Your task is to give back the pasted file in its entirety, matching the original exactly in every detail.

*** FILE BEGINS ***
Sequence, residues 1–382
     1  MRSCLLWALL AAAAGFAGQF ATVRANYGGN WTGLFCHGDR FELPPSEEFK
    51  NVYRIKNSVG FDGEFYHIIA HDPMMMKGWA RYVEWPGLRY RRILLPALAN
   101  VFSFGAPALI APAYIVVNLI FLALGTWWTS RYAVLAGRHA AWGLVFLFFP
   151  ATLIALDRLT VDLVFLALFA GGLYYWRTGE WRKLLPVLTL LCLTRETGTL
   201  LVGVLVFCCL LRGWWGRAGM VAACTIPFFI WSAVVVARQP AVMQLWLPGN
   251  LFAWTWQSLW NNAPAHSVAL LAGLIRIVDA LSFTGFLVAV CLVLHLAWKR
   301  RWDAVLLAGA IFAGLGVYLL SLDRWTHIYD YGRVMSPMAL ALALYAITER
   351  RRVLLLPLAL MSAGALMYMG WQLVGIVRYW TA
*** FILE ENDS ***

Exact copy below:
Sequence, residues 1–382
     1  MRSCLLWALL AAAAGFAGQF ATVRANYGGN WTGLFCHGDR FELPPSEEFK
    51  NVYRIKNSVG FDGEFYHIIA HDPMMMKGWA RYVEWPGLRY RRILLPALAN
   101  VFSFGAPALI APAYIVVNLI FLALGTWWTS RYAVLAGRHA AWGLVFLFFP
   151  ATLIALDRLT VDLVFLALFA GGLYYWRTGE WRKLLPVLTL LCLTRETGTL
   201  LVGVLVFCCL LRGWWGRAGM VAACTIPFFI WSAVVVARQP AVMQLWLPGN
   251  LFAWTWQSLW NNAPAHSVAL LAGLIRIVDA LSFTGFLVAV CLVLHLAWKR
   301  RWDAVLLAGA IFAGLGVYLL SLDRWTHIYD YGRVMSPMAL ALALYAITER
   351  RRVLLLPLAL MSAGALMYMG WQLVGIVRYW TA